Major, trace element and Sr-Nd isotope data are reported for volcanic rocks from Linosa Island (Sicily Channel) with the aim of discussing the genesis and evolution of magmatism at the northern margin of the African plate. The volcanic rocks exposed at Linosa exhibit a transitional to mildly Na-alkaline affinity and are mainly mafic in composition (alkali basalt to hawaiite); benmoreitic to trachytic lithic clasts occur in the lowest exposed pyroclastic deposits. Magmas have been erupted between 1.06 ± 0.10 and 0.53 ± 0.07 Ma during three main cycles of activity: Paleolinosa, Arena Bianca and Monte Bandiera. Major and trace element data indicate a magma evolution by dominant fractional crystallization. However, compatible vs. incompatible element diagrams highlight distinct variation trends, which are interpreted to suggest fractional crystallisation starting from slightly different parental magmas, and separation of distinct mineral assemblages during polybaric evolution. Small variation of Sr and Nd isotope ratios indicate modest interaction with the crust.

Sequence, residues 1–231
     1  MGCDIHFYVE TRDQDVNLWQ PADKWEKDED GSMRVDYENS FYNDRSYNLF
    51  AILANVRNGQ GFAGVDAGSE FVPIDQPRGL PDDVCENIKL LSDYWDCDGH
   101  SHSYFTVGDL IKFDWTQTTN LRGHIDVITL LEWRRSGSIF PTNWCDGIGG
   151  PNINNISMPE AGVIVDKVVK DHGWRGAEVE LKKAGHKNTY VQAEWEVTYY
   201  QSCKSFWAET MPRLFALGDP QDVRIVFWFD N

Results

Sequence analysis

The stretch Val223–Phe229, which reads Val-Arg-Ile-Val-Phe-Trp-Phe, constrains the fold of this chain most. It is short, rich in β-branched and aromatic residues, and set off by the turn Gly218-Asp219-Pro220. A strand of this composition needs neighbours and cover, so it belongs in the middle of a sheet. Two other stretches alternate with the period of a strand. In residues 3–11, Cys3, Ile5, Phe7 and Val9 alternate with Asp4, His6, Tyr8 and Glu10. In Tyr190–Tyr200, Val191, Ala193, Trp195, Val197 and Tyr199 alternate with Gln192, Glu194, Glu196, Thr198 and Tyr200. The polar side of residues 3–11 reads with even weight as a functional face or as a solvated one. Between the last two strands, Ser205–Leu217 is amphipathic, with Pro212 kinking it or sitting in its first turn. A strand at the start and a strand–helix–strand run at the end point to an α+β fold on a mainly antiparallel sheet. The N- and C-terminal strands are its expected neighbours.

As other mafic magmas in Eastern Sicily and Sicily Channel (Etna, Iblei, Pantelleria, Sicily Channel seamounts), the most primitive magmas at Linosa are characterised by enrichments in high-field-strength elements (Nb, Ta) and depletion in Rb, Cs and other large ion lithophile elements. Their isotopic signatures fall close to the field of the so-called EAR (European Asthenospheric Reservoir) and FOZO (Focus Zone) mantle compositions. However, there are many significant geochemical and isotopic differences among various volcanoes in Eastern Sicily and Sicily Channel, which suggest variable degrees of melting at different depths of a heterogeneous mantle source. Overall, radiogenic isotope signatures reflect mixtures between EAR-FOZO and DMM (Depleted MORB Mantle) and may be related to mixing of asthenosphere-lithosphere or to variably metasomatised lithospheric mantle.